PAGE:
If you’re a fan of literature and video games, you may have found yourself coming to the defense of games as a vehicle for storytelling, arguing that some do have literary merit. A lot of games, after all, do tell stories. Usually, these stories are used to draw players in and keep them coming back in order to complete the story arc.
For the app and game, “Florence,” story combines with beautiful sound and visuals to create a literary journey right on your phone. Even though it only takes about 40 minutes or less to complete the whole game, the beauty of it will have you coming back for more.
*Consider purchasing “Florence” for $2.99 and playing before finishing this article if you want a completely spoiler-free experience.
When you open the app, now available on iOS and more recently Android, you are met with some gentle piano music and the face of the game’s main character. Get used to the adorable art style and fitting, striking music, because it permeates the entire game.
Once you begin, the game introduces you to Florence Yeoh. In meeting Florence, you become her. You start with her morning, hitting the snooze button, brushing her teeth and commuting to work. Constantly engaging with her life throughout her day brings you even closer to her as you follow her on the journey of her first love and heartbreak with character Krish.
Instead of just passively reading, the story allows you to actively participate by scrolling and clicking your way through Florence’s life. Some scenes are set up more like a comic with panels while others fill the screen as you click through. The app is more than a visual novel, though, as small mini-game mechanics appear throughout the story, making the app a game as well.
But the game is undoubtedly a story. Structured in acts with chapters, Florence’s life and the game itself present like a traditional novel or play would be. These parts are one small aspect that gives the game its literary quality despite the lack of words.
It may not even seem like “Florence” has a story considering the conversations don’t contain actual dialogue. But musical cues, black and white images versus bright, colorful ones and characters’ facial expressions let you decide what they’re saying to each other.
Active involvement only serves to draw you more into the story and makes your investments in the characters that much stronger, all while understanding the emotional core of the story. Not only do you create aspects of the story in your head, but you help the story progress through the various mini-game mechanics that pop up.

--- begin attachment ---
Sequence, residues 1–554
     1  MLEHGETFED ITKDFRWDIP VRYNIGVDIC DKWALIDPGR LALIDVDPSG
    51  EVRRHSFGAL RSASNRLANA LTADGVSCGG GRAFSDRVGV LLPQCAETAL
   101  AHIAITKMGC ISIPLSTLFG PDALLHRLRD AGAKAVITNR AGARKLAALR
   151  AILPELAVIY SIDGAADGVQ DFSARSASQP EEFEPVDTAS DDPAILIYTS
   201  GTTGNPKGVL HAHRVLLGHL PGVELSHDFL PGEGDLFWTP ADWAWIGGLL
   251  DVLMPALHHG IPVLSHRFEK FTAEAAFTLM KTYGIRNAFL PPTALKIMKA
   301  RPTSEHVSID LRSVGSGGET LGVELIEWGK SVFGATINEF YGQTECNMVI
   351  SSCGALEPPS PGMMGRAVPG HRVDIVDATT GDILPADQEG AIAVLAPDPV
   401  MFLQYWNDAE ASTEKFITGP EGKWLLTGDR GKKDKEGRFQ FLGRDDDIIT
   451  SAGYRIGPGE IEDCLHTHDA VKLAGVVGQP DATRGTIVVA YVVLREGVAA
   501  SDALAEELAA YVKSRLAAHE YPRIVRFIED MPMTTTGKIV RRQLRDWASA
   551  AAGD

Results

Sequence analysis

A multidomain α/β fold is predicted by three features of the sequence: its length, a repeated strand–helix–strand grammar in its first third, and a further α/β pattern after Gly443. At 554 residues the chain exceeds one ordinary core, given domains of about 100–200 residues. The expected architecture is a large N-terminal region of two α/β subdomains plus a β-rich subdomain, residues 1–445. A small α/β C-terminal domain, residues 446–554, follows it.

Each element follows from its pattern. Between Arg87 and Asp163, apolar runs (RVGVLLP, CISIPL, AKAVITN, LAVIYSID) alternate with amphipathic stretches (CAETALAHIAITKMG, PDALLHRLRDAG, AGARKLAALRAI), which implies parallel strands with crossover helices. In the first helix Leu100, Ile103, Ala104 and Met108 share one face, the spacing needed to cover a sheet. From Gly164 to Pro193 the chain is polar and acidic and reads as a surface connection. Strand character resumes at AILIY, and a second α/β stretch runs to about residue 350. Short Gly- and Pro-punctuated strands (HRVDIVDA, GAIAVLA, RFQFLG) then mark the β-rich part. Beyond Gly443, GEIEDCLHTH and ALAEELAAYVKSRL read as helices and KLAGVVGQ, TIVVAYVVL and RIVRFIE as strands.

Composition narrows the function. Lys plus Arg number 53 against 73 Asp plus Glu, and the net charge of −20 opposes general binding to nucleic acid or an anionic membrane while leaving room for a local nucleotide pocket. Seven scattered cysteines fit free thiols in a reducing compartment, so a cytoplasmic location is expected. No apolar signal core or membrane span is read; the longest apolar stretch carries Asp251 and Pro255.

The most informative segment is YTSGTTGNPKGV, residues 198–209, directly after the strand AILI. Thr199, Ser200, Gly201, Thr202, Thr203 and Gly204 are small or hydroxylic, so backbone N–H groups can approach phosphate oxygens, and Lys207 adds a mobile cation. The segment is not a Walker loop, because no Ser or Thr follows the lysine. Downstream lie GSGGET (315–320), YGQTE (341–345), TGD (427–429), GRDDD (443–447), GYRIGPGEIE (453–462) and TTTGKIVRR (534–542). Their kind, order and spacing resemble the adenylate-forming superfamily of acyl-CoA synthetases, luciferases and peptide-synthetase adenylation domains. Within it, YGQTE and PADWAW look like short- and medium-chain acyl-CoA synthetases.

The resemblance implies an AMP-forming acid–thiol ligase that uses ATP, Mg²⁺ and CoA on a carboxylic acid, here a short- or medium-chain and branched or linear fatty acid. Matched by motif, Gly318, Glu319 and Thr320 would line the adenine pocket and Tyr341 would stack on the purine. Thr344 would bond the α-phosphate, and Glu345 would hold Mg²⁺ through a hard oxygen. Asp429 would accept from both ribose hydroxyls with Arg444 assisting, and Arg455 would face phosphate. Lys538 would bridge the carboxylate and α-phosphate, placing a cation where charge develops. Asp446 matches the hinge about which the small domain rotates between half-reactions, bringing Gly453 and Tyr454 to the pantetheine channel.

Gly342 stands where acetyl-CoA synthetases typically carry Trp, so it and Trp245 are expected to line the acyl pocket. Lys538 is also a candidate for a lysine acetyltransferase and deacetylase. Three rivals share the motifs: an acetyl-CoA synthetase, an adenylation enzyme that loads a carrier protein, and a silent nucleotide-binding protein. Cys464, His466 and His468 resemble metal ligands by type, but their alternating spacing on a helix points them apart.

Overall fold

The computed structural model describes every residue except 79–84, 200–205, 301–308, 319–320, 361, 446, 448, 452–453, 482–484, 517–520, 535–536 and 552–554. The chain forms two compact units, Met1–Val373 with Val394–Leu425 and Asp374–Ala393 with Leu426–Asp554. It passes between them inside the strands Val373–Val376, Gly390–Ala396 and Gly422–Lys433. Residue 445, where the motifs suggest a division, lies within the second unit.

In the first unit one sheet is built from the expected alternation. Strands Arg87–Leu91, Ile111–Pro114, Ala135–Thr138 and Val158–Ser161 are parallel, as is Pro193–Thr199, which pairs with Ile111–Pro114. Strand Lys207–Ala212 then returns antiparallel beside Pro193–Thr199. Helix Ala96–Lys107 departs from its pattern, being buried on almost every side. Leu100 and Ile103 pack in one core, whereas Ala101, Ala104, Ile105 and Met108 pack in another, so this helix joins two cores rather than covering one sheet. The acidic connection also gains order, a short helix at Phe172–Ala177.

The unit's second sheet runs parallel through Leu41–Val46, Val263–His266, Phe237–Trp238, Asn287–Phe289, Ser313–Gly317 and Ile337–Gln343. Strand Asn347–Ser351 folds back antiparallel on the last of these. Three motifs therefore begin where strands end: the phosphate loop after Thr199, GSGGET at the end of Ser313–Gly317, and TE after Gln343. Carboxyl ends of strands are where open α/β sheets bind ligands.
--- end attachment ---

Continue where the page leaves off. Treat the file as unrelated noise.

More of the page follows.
One of the most symbolic and gorgeous mechanics in “Florence” is a puzzle used to complete conversation bubbles. In the beginning of Krish and Florence’s relationship, there are several puzzle pieces to assemble in their conversations.
As the relationship develops, the pieces get bigger and there are less to slide into place. Eventually, the conversations aren’t puzzles at all, just one bubble you slide into place, perfectly capturing the development of comfort with someone over time.
Mechanics like these don’t only show up once, though. “Florence” does a great job of bringing back mechanics to make heart-wrenching callbacks. When Krish moves in, you decide what you place in Florence’s apartment while putting other items in storage.
Later on, the mechanic comes back, but not for as happy a reason. When Krish moves out, players will go through the conflicting ordeal of remembering which items are his. Heartbreak aside, another charming part of the story is the fact that it doesn’t only focus on Florence’s love life.
You see her dream of being an artist and watch her work toward it until her dream comes true. You see her personal growth and how she builds a better relationship with her mom. All of that comes after the heartbreak, effectively putting a bandage on any broken hearts and drying any tears that the sadder parts of the game may have caused. You may not even mind the heartache, though, because of all of the exquisiteness the game has to offer.
Reviews from critics and fans alike paint “Florence” as a stunning game, from visuals to mechanics and more. A reviewer on iTunes praises, “The graphics and the incredibly thought-out ways of capturing a relationship without using any dialogue are two of the best strengths of this game/exploration into a character’s life and love.”
The reviewer goes on, “However, the one criticism I have for the game is that I wish it was longer. I played the entire game within 25-ish minutes and man, did I wish for more. But perhaps this isn’t even a criticism, because it was so well-done that I was the one left wanting.”
While the time you spend playing “Florence” will range based on how slowly you take the journey, you’re likely to witness the well-thought-out ways the game presents its story. You may want to avoid playing the game in public if you’re prone to tears, but no matter where you choose to play it, it’s totally worth the purchase and experience.
So if you’re looking for something else to add to the games-with-literary-merit pile, “Florence” is for you.